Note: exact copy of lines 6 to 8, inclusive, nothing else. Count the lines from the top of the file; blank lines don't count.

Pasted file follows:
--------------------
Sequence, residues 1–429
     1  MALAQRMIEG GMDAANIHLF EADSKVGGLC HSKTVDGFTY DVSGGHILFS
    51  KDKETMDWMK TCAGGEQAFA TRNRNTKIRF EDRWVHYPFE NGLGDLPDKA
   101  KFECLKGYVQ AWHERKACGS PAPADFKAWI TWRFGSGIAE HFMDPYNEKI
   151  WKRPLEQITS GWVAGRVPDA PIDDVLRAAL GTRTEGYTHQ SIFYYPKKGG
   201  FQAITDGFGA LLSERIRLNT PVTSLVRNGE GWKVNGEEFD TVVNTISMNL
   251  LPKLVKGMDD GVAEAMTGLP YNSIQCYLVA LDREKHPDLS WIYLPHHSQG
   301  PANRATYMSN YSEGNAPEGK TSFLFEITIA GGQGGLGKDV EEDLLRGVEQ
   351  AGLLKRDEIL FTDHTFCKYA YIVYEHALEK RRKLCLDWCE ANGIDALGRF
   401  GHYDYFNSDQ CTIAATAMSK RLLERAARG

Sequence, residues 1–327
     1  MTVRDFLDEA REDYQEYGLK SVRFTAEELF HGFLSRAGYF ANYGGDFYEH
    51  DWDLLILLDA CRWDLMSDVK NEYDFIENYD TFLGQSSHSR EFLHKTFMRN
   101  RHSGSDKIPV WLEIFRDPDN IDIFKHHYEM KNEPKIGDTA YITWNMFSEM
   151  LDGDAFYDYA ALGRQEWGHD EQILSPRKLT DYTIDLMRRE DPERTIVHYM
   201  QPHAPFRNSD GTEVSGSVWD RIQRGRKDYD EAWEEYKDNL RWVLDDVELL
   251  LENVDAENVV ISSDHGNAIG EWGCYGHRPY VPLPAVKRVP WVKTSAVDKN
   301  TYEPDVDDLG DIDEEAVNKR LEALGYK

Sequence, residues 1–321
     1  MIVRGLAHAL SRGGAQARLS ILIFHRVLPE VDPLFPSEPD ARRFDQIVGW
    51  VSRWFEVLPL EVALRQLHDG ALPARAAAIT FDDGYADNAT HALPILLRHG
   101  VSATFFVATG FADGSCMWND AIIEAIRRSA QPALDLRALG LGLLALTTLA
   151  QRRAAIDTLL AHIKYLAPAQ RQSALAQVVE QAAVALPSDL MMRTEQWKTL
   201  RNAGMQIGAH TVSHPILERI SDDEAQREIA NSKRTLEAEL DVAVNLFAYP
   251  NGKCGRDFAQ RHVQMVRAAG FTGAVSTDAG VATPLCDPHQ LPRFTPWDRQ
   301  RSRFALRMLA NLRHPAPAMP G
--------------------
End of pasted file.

   201  FQAITDGFGA LLSERIRLNT PVTSLVRNGE GWKVNGEEFD TVVNTISMNL
   251  LPKLVKGMDD GVAEAMTGLP YNSIQCYLVA LDREKHPDLS WIYLPHHSQG
   301  PANRATYMSN YSEGNAPEGK TSFLFEITIA GGQGGLGKDV EEDLLRGVEQ